The Race to the Midterms
AFSA On the Hill
BY KIM GREENPLATE
Members of Congress have been busy on the campaign trail leading up to the November midterm elections and are gearing up for the lame duck session upon return to Washington on Nov. 13.
The most contentious deadline they will face is to find a suitable Fiscal Year 2019 government funding option for the remaining untouched appropriations bills—including State and Foreign Operations—that can pass both congressional chambers and be signed by the president.
Remember that Congress rejected administrationproposed cuts and restored funding for international affairs in FY18. Under the current continuing resolution passed at the end of September, foreign affairs (which includes both State and USAID) is funded at this same FY18 level.
With many members feeling heat back home for the price tag and process associated with the FY18 omnibus, Congress is determined not to push the decision into the spring—but the clock continues to tick as several key appropriations questions remain unanswered.
With Election Day around the corner and a historic number of congressional retirements, AFSA has been tracking congressional races and preparing for a large freshman class. In the course of a few days in early November, the control of both congressional chambers will be determined and the playing field for AFSA’s advocacy efforts will be much clearer.
The Foreign Service is the ideal tool to level the playing field for American businesses.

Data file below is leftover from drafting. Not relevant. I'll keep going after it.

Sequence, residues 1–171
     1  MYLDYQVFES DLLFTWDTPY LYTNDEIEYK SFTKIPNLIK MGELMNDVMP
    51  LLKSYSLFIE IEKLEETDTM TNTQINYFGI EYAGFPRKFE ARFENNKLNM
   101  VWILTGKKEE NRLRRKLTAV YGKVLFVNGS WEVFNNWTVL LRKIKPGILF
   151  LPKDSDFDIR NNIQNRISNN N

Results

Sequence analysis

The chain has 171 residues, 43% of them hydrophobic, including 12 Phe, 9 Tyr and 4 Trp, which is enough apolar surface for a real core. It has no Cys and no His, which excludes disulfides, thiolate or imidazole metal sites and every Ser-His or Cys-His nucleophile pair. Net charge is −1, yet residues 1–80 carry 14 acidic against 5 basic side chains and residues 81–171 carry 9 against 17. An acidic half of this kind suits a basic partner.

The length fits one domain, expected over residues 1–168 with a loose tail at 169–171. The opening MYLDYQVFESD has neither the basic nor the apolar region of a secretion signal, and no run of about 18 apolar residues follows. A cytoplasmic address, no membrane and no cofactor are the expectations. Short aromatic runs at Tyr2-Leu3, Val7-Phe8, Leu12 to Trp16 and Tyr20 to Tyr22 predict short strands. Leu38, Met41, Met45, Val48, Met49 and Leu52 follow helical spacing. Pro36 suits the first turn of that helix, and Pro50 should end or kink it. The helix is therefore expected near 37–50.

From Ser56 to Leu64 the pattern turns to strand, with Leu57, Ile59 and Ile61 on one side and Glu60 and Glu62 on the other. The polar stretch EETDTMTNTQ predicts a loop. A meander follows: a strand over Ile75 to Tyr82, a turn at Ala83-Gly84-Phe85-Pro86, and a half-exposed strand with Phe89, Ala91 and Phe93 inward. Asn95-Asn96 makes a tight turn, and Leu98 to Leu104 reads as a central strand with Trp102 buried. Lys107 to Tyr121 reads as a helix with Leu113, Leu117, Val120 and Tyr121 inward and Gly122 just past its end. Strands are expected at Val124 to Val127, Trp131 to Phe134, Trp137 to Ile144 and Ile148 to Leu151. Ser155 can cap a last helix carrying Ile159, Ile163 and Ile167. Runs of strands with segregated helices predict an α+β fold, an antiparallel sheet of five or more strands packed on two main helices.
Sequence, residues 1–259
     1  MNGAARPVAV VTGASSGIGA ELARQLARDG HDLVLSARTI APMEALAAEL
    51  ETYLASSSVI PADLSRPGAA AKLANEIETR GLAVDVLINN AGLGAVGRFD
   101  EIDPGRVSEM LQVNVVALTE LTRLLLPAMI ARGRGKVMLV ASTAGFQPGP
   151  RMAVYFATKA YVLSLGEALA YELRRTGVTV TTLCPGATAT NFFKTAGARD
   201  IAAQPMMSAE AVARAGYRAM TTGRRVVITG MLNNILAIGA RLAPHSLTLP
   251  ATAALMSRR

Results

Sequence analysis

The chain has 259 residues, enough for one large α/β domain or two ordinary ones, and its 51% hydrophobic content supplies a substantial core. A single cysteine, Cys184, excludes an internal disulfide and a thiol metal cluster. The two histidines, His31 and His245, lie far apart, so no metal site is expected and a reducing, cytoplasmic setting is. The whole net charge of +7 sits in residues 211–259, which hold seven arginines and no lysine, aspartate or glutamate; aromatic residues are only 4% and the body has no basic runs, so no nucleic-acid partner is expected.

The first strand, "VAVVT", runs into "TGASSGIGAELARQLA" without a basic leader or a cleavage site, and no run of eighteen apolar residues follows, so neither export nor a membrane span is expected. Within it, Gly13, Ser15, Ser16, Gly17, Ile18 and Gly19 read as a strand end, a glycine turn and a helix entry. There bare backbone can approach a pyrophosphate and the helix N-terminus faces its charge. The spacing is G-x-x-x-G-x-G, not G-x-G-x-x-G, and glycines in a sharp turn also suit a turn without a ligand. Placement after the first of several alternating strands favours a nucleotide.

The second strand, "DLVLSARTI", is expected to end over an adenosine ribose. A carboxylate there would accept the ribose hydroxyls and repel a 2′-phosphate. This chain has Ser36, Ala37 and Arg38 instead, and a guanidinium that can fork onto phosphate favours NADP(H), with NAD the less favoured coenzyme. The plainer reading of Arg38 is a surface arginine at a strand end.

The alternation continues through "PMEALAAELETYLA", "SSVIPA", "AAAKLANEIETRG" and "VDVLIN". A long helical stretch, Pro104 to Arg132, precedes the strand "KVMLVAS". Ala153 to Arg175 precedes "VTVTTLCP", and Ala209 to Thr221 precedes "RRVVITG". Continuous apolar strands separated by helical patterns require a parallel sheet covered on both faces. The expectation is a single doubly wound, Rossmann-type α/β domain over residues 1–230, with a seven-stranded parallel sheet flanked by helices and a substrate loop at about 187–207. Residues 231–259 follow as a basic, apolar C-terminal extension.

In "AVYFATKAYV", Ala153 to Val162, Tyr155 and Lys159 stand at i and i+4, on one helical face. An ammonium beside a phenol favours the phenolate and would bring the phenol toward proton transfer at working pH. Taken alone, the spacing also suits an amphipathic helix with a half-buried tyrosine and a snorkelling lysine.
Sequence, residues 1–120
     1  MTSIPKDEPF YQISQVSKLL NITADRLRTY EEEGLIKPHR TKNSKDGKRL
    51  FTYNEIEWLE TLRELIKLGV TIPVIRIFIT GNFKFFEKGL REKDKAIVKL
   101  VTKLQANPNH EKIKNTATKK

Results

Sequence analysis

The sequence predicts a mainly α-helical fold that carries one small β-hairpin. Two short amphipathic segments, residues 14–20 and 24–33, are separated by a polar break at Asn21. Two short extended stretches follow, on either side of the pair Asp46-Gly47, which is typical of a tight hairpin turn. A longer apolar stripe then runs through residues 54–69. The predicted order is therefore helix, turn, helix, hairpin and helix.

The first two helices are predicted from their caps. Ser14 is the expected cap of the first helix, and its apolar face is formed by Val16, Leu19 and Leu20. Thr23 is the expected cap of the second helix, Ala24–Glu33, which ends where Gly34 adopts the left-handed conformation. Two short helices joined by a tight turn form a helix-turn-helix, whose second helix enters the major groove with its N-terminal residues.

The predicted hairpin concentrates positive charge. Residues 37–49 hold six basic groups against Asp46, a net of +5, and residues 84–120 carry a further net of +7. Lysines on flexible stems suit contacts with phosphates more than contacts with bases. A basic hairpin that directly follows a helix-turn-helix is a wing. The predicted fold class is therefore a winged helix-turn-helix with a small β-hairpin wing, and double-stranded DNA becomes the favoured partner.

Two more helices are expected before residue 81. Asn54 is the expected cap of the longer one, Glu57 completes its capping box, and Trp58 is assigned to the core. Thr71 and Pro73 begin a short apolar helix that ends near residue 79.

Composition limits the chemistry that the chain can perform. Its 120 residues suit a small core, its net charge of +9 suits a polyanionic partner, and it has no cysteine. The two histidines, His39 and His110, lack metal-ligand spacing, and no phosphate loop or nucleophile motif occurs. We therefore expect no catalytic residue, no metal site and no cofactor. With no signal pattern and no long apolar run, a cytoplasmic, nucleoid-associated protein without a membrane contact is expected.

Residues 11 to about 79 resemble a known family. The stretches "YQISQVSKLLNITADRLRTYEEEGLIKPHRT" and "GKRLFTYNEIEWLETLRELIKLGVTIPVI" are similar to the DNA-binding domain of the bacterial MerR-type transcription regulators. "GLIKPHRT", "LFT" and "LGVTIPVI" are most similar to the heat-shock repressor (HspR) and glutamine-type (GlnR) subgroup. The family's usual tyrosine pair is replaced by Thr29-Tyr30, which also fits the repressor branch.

At least three of AFSA’s most-watched congressional committees will see new chairs and/or ranking members: the House Appropriations Committee, the House Foreign Affairs Committee and the Senate Foreign Relations Committee.
In anticipation of this turnover, we have been building relationships with the potential new leaders on these committees and working to identify the future congressional leadership generally as seniority among members plummets.
In the next Congress, there will be, at most, just 45 senators who were in office before 2011. In the House next year, there will be, at most, 160 members—only about a third of the body— who were elected before the 2010 midterms.
One of the things we have been discussing with lawmakers recently is the role of economic diplomacy in maintaining and enhancing American prosperity. During the past six months, more than a dozen congressional hearings have taken place on the topic of Chinese competition or influence, and more are scheduled. Congress is searching for ways to arrest China’s commercial, economic and political gains at the expense of America’s global leadership. This is bound to become a central issue in the new Congress, and AFSA is ready to offer part of the solution: The Foreign Service is the ideal tool to level the playing field for American businesses—and, ultimately, economic diplomacy enhances American prosperity. This theme rallies the business community and directly links the Foreign Service to a thriving U.S. economy. And by advancing practical solutions to what Congress views as a looming threat in need of attention, AFSA is also creating new champions on the Hill.